Guest blogger: Eric Cameron, Mahtomedi Alternative Learning Center
Over the last three semesters, a new slang term arrived in my school. Savage. As in “dude, that was so savage” for a bold action. When discussing the process that George Washington would have undergone to get dental implants, a student even remarked, “what a savage!” He was taken aback when I responded by saying, “Actually, Washington probably wouldn’t have appreciated being called a savage.” The room was silent. Thus began my campaign against the savageness (Webster’s definition) of the term “savage” (Urban Dictionary definition).
The top definition of “savage” on Urban Dictionary is “Bad ass. Cool. Violent.” Whereas Webster’s defines the term as “not domesticated or under human control,” “lacking the restraints normal to civilized human beings,” and “wild, uncultivated, boorish, and lacking complex or advanced culture.” Where the definition in Webster’s certainly does not match the tenor and style of General and President Washington, the Urban Dictionary definition could be applied to the specific example being discussed at the time. This begs the question, should a word or phrase be barred from common parlance as a result of its historical usage, even if it has taken on a new meaning? Contemporary appropriation of cultural and historical language and symbols is nothing new. The most commonly thought of example of this in a history classroom is the swastika; originally used as a religious symbol in eastern religions of Hinduism, Buddhism, and Jainism. However, once it was coopted by the German Nazi Party in the 20th century, the symbol is no longer used in Europe and the western hemisphere. Should the word savage follow suit? American Indians were derided as savages, as lacking culture, because theirs was markedly different from that of the European colonizers. The term “savage” was used to justify and perpetuate a systematic eradication of American Indian cultures and racial genocide of American Indian peoples. Just as at Adolf Hitler and the Nazis knew that if they could teach racial superiority the German youth they would be able to use that notion to perpetuate support for the Third Reich, the Euro-Americans knew that if they could destroy the culture of American Indian youths through Indian Boarding Schools, if American Indian youths were taught self-hatred and forced to live as Anglo-European children, they could be indoctrinated into a “more civilized” lifestyle based on settled farmland and Christianity.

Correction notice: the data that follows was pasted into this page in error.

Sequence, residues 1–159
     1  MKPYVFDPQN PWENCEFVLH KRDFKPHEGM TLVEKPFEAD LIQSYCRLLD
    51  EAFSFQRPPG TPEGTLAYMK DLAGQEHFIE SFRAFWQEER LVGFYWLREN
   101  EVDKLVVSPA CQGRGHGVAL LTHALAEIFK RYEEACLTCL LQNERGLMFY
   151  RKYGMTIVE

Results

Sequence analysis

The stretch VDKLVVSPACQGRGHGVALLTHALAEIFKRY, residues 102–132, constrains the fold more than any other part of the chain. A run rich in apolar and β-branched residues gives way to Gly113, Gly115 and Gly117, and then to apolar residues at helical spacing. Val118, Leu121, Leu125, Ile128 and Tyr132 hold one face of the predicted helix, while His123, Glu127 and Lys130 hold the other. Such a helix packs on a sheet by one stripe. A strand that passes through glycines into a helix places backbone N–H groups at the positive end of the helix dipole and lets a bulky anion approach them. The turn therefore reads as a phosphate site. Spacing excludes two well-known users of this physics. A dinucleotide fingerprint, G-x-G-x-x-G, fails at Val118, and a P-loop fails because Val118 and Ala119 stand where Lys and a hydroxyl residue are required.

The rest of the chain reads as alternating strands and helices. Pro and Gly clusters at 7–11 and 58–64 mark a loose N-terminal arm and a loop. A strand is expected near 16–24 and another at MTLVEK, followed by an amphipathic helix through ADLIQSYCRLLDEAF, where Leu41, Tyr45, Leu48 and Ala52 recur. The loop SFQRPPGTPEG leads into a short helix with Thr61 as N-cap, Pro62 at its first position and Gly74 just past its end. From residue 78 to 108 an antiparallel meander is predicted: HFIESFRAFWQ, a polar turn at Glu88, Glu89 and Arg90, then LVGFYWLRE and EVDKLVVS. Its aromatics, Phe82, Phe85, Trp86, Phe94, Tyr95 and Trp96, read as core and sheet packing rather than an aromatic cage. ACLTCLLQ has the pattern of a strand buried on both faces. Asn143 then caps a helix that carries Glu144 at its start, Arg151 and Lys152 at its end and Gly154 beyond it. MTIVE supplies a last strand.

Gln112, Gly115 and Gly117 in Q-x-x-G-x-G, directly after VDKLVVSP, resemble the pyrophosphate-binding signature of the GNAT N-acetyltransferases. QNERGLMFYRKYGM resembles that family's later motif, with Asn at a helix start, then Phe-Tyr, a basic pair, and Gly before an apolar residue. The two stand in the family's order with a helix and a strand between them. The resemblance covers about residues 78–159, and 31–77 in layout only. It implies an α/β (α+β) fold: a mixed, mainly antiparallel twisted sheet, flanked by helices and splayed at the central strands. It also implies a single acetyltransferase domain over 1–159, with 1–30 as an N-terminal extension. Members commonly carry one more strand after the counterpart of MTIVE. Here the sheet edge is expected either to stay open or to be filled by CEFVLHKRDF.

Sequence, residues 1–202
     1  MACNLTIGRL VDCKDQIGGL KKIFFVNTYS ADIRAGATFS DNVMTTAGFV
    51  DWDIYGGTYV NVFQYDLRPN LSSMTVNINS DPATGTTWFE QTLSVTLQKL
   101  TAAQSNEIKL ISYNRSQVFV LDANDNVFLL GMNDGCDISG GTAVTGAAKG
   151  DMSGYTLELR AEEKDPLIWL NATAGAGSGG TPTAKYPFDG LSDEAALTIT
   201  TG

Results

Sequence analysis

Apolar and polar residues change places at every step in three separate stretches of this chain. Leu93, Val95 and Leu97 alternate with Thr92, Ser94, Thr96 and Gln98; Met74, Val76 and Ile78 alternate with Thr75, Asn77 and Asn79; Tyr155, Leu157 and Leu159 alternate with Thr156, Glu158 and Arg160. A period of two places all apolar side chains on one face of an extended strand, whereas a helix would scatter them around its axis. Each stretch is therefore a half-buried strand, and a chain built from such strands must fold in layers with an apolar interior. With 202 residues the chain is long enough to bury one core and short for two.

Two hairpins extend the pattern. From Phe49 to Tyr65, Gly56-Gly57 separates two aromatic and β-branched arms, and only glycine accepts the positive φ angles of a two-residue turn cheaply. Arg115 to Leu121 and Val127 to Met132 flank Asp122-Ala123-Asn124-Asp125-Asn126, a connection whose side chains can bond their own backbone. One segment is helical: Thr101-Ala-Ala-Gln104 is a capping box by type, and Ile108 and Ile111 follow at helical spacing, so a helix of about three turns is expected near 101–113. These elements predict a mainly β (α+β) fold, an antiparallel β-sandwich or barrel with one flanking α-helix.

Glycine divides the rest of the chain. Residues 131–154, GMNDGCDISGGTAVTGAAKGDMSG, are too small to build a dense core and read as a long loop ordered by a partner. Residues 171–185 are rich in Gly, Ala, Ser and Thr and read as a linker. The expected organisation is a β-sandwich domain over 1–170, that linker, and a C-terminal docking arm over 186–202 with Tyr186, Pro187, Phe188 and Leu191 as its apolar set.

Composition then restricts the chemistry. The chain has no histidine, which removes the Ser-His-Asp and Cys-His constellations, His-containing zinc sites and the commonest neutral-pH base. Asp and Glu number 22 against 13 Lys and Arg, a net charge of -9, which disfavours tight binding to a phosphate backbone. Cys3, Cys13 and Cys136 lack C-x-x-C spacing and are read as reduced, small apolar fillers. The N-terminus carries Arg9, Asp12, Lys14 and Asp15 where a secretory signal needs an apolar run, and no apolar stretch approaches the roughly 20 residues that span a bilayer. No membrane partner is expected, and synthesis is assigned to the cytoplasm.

Stopping the slang usage of “savage” has not been an easy campaign, but after nearly a year of conversations with students about the history of the word “savage,” the term has been all but eradicated from the vocabulary of 916 Mahtomedi Academy students. It’s possible that the term fell out of use due to changing cultural trends, just as past phrases such as “rad” and “hip” have fallen out of the popular vernacular, however, I would like to think that my continual reminders and reteaching the word’s role in American History played a part in its disappearance from my students’ vocabulary.
My classroom and my school are small compared to the greater American culture, but perhaps if those who have the influence and ability to alter the shared cultural language of American society choose to do so, they can stop the common parlance of such derogatory, and frankly, inaccurate, phrases such as “let’s pow-wow on that”, “hold down the fort,” and “low man on the totem pole.” As teachers, we have that power within our classrooms and schools. And as history teachers, we can take it a step further and slowly rid our curriculum of the idea that Columbus “discovered” the “New” World, and treat American Indian history as a part of American History, instead of relegating it to sections on with titles such as “the first Americans” and “the Trail of Tears”. America’s future history depends on us to do so.